• this is ridiculous. when you go to a shoestore, there is not tacit agreement that they can use DNA left behind in shoes for any purpose. The only agreement is to view their wares, that and THAT ALONE. Anything else is a violation of privacy

          • Let’s take your shoe store analogy a little bit further. Let’s say the shoe store has video cameras that they use to analyze the traffic patterns of shoppers moving through the store. They also have a way of categorizing the shoppers in the video as male, female, adult, or child and include that data in their analysis. The video software also looks at the clothes the shoppers were wearing to make an estimate about income or social class for use in the analysis. They also use the video as a means to identify potential shoplifters, and use it as evidence when shoplifting occurs.

            This is the equivalent of the web site tracking scenario (by the way not anywhere near collecting DNA, so I disagree with your comparison there). If this seems like a privacy violation, you better not go to any malls or department stores from now on.

    • There’s more to it than that. Fingerprints can be recorded on web servers and if they get hacked, information you may not want public could get exposed. Conceivably, it could potentially be used to find people’s bank information.

      The fingerprint in your browser can be tied to your Facebook account, as an example. Let’s say you also visit “cure-my-bad-breath.com”, which records your fingerprint, and it gets hacked. If that fingerprint gets tied to your FB account, you could be publicly outed as seeking help for your halitosis.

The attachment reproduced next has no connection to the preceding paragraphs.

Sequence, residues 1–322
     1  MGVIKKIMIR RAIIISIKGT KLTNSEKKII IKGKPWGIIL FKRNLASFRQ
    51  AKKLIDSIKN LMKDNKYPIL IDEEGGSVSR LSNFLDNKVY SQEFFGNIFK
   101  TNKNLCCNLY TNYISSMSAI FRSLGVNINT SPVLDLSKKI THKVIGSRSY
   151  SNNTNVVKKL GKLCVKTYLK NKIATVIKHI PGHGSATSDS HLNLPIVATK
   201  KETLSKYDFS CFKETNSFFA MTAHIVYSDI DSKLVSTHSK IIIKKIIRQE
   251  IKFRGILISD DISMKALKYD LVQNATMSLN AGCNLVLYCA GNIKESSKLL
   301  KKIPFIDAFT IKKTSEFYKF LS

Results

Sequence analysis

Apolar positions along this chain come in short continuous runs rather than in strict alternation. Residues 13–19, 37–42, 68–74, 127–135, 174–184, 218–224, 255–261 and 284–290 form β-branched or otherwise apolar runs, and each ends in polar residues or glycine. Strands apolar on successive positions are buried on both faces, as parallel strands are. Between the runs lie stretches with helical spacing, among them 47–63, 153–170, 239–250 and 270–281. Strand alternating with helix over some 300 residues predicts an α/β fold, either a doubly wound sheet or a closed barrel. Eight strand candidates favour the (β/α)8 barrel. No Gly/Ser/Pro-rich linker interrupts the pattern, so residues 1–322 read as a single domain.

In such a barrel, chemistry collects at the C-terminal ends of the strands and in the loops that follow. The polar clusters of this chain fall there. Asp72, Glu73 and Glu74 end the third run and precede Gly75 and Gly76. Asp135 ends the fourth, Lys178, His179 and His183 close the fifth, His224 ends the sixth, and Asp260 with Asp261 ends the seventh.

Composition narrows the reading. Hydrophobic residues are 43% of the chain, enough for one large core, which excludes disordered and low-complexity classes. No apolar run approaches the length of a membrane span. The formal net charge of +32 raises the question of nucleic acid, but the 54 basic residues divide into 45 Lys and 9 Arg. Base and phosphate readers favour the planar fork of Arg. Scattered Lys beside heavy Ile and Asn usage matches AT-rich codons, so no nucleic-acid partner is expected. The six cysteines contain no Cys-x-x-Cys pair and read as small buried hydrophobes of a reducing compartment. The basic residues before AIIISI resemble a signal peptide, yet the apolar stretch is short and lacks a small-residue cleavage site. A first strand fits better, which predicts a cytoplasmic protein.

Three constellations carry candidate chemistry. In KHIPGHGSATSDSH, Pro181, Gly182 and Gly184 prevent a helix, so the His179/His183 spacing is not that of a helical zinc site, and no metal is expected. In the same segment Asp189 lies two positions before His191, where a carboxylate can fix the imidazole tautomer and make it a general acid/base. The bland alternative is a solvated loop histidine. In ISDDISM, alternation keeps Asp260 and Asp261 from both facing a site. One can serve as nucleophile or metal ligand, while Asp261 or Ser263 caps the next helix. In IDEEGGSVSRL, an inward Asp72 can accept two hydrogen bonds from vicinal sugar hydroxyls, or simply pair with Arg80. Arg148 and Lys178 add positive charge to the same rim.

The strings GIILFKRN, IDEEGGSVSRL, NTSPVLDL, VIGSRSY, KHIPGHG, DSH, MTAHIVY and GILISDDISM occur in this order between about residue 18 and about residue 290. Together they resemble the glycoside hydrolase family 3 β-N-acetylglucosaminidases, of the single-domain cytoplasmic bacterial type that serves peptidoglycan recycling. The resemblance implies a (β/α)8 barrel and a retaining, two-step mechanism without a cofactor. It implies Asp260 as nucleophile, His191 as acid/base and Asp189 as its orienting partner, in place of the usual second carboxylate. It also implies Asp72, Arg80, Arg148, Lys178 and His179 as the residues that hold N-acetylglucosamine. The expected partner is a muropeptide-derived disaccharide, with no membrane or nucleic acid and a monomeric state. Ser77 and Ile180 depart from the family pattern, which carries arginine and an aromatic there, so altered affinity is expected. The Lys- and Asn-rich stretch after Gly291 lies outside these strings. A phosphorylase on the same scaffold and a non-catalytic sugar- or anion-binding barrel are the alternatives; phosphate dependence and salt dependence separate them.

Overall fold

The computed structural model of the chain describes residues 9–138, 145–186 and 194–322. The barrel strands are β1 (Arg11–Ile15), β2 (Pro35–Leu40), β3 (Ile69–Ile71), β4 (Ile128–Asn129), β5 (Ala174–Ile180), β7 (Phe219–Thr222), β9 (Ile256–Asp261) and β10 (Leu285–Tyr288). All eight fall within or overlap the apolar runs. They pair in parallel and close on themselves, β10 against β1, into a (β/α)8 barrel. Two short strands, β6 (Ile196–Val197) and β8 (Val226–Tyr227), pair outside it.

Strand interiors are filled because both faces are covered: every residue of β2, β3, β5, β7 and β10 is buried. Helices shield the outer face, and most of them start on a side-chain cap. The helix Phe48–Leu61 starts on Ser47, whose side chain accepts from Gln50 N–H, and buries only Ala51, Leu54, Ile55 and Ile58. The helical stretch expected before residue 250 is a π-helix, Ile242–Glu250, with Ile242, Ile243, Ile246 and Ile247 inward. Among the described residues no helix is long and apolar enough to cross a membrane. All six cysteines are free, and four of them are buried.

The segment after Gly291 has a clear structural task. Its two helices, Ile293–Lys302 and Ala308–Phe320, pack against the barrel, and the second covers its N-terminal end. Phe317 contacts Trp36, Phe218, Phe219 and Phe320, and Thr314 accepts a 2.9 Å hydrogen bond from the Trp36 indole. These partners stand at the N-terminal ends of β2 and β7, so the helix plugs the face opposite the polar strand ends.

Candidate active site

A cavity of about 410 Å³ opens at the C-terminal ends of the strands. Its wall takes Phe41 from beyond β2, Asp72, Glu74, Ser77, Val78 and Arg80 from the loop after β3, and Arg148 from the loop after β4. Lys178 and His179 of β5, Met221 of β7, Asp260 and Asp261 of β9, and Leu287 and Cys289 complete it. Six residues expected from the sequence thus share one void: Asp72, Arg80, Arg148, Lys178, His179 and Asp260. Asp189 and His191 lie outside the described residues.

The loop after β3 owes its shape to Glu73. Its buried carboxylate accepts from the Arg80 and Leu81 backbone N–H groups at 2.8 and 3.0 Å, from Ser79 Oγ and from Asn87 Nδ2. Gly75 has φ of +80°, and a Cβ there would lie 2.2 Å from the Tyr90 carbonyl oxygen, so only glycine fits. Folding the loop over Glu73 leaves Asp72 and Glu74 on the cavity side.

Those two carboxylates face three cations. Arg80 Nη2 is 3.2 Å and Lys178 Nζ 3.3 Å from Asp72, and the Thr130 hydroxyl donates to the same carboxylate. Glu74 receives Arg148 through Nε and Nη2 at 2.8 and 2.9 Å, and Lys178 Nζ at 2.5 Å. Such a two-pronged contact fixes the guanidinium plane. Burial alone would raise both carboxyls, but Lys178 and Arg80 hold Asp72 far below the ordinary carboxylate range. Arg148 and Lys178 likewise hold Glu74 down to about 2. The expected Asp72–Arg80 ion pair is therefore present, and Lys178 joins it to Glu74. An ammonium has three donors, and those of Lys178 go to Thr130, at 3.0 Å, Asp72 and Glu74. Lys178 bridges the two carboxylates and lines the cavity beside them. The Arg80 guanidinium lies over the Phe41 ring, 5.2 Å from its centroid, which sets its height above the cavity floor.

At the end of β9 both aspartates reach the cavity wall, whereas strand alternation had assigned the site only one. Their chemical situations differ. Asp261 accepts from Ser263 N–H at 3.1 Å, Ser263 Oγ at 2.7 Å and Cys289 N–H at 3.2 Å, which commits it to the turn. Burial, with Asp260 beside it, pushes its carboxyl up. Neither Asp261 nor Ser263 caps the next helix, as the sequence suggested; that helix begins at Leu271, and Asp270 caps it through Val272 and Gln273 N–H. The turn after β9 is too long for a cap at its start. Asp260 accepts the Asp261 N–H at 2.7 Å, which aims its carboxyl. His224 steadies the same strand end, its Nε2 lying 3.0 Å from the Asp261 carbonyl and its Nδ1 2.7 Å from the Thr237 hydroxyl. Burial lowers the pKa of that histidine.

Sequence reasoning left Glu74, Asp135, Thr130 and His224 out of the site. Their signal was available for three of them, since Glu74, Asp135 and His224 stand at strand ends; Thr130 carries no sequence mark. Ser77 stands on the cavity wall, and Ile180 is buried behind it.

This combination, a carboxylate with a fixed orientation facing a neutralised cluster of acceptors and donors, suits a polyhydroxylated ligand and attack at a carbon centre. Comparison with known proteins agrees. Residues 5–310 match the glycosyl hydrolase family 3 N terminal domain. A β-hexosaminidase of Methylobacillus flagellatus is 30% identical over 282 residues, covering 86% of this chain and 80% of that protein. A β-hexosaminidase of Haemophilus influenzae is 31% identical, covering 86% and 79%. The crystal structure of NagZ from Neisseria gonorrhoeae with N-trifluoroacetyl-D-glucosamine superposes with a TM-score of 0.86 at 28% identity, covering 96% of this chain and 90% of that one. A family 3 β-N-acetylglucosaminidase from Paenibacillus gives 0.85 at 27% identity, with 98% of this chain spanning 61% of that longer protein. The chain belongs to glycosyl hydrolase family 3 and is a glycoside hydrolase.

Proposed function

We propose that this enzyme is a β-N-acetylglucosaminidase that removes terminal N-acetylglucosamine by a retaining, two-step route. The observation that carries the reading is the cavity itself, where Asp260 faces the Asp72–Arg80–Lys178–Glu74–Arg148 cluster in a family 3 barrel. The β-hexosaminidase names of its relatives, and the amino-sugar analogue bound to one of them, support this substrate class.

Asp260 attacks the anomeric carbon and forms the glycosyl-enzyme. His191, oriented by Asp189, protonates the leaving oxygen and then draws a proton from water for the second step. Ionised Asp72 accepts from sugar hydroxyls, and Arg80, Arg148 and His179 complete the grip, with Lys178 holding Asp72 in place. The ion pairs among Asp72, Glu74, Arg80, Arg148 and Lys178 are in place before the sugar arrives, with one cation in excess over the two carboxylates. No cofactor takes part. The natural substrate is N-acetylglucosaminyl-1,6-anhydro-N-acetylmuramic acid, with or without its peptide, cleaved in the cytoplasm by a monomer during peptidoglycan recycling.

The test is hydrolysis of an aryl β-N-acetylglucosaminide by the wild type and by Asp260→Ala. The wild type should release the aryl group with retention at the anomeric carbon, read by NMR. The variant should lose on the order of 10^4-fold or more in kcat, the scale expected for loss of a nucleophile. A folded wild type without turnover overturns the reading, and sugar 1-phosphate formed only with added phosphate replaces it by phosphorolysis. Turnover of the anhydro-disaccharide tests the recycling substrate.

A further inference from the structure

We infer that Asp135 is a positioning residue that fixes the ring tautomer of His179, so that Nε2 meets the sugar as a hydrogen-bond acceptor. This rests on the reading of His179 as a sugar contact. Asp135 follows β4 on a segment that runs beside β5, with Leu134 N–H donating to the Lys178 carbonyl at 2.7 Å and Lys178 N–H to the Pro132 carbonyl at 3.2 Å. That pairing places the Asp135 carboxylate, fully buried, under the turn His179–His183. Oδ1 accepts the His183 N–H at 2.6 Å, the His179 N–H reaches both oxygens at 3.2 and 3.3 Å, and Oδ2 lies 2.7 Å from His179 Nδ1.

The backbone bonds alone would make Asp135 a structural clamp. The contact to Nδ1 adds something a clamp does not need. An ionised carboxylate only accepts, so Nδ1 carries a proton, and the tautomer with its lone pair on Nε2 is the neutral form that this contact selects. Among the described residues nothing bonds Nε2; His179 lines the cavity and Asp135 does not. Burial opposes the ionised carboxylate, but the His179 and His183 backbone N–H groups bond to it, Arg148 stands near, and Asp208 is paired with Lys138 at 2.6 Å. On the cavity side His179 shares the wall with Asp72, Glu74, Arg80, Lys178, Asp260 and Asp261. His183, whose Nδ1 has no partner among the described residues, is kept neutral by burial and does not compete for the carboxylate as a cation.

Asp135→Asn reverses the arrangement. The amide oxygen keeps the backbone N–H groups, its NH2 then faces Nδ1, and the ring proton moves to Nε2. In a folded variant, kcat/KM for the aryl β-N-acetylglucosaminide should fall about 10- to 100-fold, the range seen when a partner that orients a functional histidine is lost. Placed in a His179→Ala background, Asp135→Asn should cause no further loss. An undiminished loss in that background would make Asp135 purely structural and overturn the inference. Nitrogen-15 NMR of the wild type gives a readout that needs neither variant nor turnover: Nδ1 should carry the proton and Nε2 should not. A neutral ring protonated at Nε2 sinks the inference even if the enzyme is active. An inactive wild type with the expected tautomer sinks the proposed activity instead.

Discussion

Now substitute the joke about bad breath in that last paragraph about something you wouldn’t want made public (Ashely Madison, anyone?).

        • Sure, no prob, thanks for the compliment!

          I don’t mind targeted advertising – in fact, I prefer it! (I’d rather see ads for motorcycles than tampons, for example). So if advertisers use my info to tailor ads to me, have at it!

          But other person info I’d like to keep to myself. I think the risk isn’t that great but it is a risk.

  2. I think for those of us, who are concerned about their privacy – We need to know about fingerprinting. This could be the next step for hackers to attack with their malware and etc.. With this knowledge we can possibly prevent hacking of our browsers. I tested my PC Browser -Chrome and I tested okay, for the moment.

    I use Chrome as my browser, I am wondering of using the Incognito aspect, might be the wise decision to prevent all of this?

    • Incognito won’t do anything, I’m afraid. It just doesn’t store cookies/logins/history after you close your browser.

  3. Oh I think we are all forgetting the obvious… Big brother Google knowing exactly who we are even if your using a VPN even if you don’t log in to your google account by finger printing your browser… Use that browser to log in to Facebook and the basically all your searches could be tracked back to you.